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Random Walks and Markov Chains

Random Walks and Markov Chains

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Random Walks and Markov Chains

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  1. Random Walks and Markov Chains Nimantha Thushan Baranasuriya GirishaDurrel De Silva Rahul Singhal KarthikYadati ZilingZhou

  2. Outline • Random Walks • Markov Chains • Applications • 2SAT • 3SAT • Card Shuffling

  3. Random Walks

  4. “A typical random walk involves some value that randomly wavers up and down over time”

  5. Commonly Analyzed • Probability that the wavering value reaches some end-value • The time it takes for that to happen

  6. Uses

  7. The Drunkard’s Problem • Will he go home or end up in the river?

  8. Problem Setup Alex 0 w u

  9. Analysis - Probability Ru = Pr(Alex goes home | he started at position u) Rw= 1 R0= 0 Alex 0 w u

  10. Analysis - Probability Alex Ru = Pr(Alex goes home | he started at position u) 0 w u-1 u u+1

  11. Analysis - Probability Alex Ru = Pr(Alex goes home | he started at position u) Ru = 0.5 Ru-1 + 0.5 Ru+1 0 w u-1 u u+1

  12. Analysis - Probability Ru = 0.5 Ru-1 + 0.5 Ru+1 Rw= 1 Ro= 0 Ru = u / w

  13. Analysis - Probability Pr(Alex goes home | he started at position u) = u/w Pr(Alex falls in the river| he started at position u) = (w –u)/w Alex 0 w u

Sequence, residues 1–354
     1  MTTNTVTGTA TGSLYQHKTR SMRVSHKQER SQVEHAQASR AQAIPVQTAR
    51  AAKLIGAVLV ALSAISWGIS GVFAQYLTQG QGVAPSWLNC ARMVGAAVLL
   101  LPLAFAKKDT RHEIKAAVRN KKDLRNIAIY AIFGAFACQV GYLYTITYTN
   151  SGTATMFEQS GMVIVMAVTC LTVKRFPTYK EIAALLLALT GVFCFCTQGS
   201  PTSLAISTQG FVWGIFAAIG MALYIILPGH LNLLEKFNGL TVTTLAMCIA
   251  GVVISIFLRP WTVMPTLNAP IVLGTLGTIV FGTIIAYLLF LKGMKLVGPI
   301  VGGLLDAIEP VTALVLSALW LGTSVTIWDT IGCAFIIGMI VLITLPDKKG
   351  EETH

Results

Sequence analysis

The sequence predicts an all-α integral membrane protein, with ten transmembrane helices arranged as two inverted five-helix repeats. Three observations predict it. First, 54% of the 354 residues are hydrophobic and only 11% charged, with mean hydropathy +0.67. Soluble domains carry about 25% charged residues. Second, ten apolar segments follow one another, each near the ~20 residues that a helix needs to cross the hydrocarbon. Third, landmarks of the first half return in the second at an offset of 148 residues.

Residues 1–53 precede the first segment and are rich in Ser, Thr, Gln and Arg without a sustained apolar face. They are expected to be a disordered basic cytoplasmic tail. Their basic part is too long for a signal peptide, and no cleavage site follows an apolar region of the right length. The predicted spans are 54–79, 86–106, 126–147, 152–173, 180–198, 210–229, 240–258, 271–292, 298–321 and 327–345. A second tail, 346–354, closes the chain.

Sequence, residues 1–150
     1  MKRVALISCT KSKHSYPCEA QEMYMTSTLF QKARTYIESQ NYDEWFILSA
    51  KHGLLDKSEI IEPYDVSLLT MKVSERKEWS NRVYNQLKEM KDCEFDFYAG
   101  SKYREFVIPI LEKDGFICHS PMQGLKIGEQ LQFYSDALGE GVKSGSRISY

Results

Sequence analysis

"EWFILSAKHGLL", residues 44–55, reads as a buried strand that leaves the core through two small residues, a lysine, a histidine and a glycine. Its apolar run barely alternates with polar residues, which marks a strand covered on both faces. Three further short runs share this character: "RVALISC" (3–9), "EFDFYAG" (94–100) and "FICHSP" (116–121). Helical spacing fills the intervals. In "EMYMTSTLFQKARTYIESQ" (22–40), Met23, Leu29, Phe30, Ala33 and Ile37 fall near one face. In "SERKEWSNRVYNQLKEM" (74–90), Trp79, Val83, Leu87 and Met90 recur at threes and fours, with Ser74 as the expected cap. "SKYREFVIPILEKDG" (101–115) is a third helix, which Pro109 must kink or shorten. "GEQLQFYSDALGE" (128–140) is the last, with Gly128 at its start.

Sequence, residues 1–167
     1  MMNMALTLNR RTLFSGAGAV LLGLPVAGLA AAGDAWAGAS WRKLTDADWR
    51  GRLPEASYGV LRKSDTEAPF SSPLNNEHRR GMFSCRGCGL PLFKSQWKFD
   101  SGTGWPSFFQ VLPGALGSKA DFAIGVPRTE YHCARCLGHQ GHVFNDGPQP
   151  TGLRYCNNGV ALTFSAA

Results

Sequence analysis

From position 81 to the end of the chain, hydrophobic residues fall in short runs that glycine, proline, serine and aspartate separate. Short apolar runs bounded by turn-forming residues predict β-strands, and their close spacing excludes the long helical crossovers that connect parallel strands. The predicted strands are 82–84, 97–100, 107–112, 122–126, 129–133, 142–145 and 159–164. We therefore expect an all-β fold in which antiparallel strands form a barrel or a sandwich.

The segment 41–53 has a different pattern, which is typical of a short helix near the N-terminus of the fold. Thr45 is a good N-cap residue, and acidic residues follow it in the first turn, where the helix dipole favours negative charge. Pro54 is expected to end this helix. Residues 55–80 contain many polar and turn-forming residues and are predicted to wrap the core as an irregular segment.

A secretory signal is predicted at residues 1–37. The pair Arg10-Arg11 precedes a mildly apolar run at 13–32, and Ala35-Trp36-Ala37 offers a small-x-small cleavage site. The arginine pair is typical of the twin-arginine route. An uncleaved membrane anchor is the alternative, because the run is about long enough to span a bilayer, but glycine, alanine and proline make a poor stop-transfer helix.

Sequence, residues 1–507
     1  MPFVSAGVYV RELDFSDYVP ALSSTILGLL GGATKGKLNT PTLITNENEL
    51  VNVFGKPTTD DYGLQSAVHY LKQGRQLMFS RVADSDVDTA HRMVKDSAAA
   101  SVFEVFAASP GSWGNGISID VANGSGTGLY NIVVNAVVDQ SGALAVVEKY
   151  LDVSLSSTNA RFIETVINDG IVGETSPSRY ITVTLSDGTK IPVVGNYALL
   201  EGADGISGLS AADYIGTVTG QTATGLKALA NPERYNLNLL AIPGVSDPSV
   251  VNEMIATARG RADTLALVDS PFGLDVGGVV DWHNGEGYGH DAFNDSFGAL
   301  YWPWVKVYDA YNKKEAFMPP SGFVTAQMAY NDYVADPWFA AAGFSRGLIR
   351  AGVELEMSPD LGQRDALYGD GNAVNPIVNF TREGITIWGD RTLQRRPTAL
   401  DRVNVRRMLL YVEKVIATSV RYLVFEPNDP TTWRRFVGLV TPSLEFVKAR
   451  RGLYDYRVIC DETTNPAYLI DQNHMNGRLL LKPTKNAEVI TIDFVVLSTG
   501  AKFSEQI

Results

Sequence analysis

14. Analysis - Time Du = Expected number of steps to reach any destination, starting at position u D0= 0 Dw= 0 Alex 0 w u

  15. Analysis - Time Du = Expected number of steps to reach any destination, starting at position u Du = 1 + 0.5 Du-1+ 0.5 Du+1 Alex 0 w u

  16. Analysis - Time Du = 1 + 0.5 Du-1 + 0.5 Du+1 D0= 0 Dw= 0 Du = u(w – u)

  17. Markov Chains

  18. Stochastic Process (Random Process) • Definition: • A collection of random variables often used to represent the evolution of some random value or system over time • Examples • The drunkard’s problem • The gambling problem

  19. Stochastic Process • A stochastic process X • For all t if Xtassumes values from a countably infinite set, then we say that X is a discrete space process • If Xtassumes values from a finite set, then the process is finite • If T is countably infinite set, we say that X is a discrete time process • Today we will concentrate only on discrete time, discrete space stochastic processes with the Markov property

  20. Markov Chains • A time series stochastic (random) process • Undergoes transitions from one state to another between a finite or countable number of states • It is a random process with the Markov property • Markov property: usually called as the memorylessness